-By Warner Todd Huston
Who should be Romney’s VP pick? I know who it shouldn’t be!
I don’t want Paul Ryan to be Romney’s Vice Presidential pick. I also don’t want Bobby Jindal, Chris Christie, or Marco Rubio to be picked. It’s not because I don’t like these guys, but because I do like them. It is precisely because they are good politicians, necessary politicians, effective politicians that I don’t want them wasted as a measly VP pick.
Does that seem counter intuitive? Well, as the founders always used to say, let’s let history be our guide. History tells us that the vice presidency is a career killer, a position to which we should try to avoid nominating our best guys.
Looking over the list of politicians that have run for vice president shows us a long, long list of fellows whose career essentially ended after the conclusion of the election. Even those candidates who won his quest for the second chair often found their political lives at a dead end once their term(s) were over.
Remember all the great stuff that Charles Fairbanks did after he left the Vice President’s chair? How about the heights of success that Vice President Alben Barkley went on to achieve? Does anyone recall the great works that losing VP candidate William Miller was famous for? Neither does anyone else. (Amusingly, Miller was one of the first people to appear on the “do you know me?” commercials for American Express credit cards. That shows how quickly he disappeared from the national scene.)
Now, the list of elected vice presidents that went on to become president is also pretty small and a large number of those only became vice president after their president was assassinated or otherwise died in office. Very few won their own election outright — though more recently than earlier.
On the contrary, what we see is that VP candidates usually find that their candidacy marks the end of their active political careers. Losing makes it worse, too. Only a handful of these men had an active, important political career after a losing bid. There were a few that survived a losing grab at the brass ring, of course. Bob Dole, Hubert Humphrey, Richard Nixon, these are some of the very few whose career went strongly on after he lost a bid for the second spot on his party’s ticket.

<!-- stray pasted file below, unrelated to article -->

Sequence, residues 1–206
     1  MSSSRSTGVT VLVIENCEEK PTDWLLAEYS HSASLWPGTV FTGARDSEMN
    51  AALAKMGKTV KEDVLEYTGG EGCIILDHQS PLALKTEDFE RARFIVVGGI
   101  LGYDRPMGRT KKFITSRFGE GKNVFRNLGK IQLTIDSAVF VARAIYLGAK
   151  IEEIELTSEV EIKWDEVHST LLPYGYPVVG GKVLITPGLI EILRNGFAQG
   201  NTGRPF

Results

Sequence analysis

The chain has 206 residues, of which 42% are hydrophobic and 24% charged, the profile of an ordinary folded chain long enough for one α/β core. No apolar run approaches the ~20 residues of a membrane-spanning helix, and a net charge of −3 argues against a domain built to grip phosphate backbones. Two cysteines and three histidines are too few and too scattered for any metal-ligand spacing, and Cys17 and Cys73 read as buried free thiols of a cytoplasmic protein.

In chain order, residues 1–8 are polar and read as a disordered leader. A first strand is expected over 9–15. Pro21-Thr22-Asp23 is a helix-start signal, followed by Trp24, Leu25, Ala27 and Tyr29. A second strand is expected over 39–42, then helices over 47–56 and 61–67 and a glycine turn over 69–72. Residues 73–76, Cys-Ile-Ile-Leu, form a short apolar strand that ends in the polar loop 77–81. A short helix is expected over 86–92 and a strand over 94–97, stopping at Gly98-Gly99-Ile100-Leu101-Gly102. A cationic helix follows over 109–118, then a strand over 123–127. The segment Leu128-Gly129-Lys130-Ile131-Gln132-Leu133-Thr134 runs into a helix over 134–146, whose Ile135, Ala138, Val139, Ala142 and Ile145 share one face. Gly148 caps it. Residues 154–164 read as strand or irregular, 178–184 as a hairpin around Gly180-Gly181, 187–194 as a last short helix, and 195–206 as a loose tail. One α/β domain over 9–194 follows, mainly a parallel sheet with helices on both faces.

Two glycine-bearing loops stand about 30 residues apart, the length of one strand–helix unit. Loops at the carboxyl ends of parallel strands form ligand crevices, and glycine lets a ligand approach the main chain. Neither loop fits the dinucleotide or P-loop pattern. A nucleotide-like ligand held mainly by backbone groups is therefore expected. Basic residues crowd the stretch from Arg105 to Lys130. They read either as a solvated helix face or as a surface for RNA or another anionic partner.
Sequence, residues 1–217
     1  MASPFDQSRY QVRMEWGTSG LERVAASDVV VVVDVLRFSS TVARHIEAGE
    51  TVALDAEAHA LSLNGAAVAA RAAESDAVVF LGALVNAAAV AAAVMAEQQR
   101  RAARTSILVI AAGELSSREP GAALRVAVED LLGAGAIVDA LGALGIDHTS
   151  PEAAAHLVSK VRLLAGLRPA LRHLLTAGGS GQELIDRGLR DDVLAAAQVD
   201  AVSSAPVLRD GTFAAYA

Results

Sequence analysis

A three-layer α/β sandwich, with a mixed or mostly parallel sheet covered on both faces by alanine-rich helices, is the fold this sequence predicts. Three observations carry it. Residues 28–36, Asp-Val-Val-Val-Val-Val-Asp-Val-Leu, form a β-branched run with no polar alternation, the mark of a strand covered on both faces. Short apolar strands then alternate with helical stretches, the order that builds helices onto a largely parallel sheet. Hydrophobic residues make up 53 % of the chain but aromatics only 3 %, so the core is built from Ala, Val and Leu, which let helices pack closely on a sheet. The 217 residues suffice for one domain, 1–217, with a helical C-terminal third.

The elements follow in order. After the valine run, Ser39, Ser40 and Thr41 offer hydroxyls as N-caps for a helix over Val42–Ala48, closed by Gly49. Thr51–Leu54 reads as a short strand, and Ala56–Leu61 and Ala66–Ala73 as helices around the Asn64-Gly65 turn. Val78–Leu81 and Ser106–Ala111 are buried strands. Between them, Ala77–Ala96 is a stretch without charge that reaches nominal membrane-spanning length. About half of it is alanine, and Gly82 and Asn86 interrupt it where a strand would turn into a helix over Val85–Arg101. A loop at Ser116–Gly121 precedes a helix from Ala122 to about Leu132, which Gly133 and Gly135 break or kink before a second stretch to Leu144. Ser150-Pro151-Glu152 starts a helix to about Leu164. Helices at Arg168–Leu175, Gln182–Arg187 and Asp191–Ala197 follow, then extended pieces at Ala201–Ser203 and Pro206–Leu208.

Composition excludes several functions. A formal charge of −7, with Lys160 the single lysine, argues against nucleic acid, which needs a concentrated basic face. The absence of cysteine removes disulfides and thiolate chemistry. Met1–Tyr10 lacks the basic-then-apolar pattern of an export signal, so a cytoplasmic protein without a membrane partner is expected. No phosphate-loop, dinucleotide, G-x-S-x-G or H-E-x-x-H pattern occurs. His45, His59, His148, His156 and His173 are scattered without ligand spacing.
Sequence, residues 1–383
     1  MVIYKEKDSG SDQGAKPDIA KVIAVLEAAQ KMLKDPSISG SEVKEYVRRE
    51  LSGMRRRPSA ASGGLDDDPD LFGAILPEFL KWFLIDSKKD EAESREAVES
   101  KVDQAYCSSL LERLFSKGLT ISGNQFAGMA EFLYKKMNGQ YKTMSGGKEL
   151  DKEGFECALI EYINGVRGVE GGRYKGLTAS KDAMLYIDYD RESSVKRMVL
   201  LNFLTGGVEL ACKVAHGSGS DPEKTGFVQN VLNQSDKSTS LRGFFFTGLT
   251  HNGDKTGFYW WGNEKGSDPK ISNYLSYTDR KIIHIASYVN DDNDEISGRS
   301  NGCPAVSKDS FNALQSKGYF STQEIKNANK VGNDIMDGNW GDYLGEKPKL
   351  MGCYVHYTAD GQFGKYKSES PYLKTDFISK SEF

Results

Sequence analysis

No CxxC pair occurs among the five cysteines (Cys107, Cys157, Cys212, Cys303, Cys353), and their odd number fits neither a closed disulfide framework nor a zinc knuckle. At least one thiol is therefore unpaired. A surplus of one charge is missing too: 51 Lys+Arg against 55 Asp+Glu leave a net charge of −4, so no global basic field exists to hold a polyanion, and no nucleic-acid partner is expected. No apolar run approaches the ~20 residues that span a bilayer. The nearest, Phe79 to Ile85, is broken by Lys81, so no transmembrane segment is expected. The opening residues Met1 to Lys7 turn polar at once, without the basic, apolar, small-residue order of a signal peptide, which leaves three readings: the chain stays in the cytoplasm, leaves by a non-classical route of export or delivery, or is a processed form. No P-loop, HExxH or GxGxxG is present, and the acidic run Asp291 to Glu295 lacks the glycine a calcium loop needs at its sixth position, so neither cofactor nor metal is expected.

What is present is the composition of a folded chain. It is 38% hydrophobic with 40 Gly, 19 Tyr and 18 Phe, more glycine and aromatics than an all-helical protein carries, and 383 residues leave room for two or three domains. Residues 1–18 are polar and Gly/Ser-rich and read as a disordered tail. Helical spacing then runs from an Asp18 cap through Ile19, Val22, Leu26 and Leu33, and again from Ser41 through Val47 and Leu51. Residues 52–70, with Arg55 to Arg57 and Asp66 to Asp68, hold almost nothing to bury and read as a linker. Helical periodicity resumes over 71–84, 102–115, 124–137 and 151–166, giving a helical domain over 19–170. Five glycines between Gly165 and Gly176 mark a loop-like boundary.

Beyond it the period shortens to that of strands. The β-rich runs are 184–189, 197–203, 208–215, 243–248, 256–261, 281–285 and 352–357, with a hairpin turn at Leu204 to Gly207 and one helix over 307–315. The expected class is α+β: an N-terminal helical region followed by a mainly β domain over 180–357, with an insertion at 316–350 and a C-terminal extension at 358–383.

One reason that many VPs disappeared from politics after either winning the office or losing their bid is because those men were already essentially at the end of — or close to the end of — their political careers. Often they were older, had already been successful governors, senators, representatives, or what have you, and the VP slot was seen as a reward for a career well lived. This may have been a big factor, granted.
But the history of the campaigns for the office shows that the career of the largest number of these VP candidates is over after the campaign, even if they win.
So, that takes me back to Rubio, Ryan, et al. These guys are incredibly important politicians for the GOP cause. We sorely need each of them in positions of influence and power in the party. But once they become a VP candidate all their effectiveness will immediately come to an end.
Ask Lyndon Baines Johnson about that. Before he was Kennedy’s VP he was the leader of the Senate and one of the most powerful men in the nation. The minute he accepted that second slot he lost every single bit of influence he thought he had. He became utterly useless to Kennedy and Kennedy treated him that way. So did the nation.
So, what I am saying here is we need to put someone in the number two slot who isn’t vitally important to our cause. We need to pick someone whose career is closing out or one that has stalled. We would be making a huge mistake to waste someone who is a rising star or an important powerhouse by sticking them in as Romney’s VP pick. Worse, if he loses, he’s finished and we will have lost him completely.
I agree that whomever Romney picks should be the sort that would make a good president if the worst situation comes to pass. I also agree that he would have to be credible enough to be a solid presidential candidate after his own VP term(s) end. But we would be harming ourselves and our cause to pick one of our up-and-coming stars or anyone that is vitally important in their current job (like Paul Ryan) because history shows that taking the second slot in a presidential election eliminates them from further use to us.
But there is a reason that FDR’s first VP, “Cactus Jack” Garner, said that the office wasn’t worth a “warm bucket of spit.” (And journalists of the day cleaned that up from sh*t, most certainly.) The office is simply not where we should be putting our best and brightest.
So, of Rubio, Ryan, Jindal, Christie, please leave all these guys off the list, won’t you? We need them where they are, not wasted as a VP pick.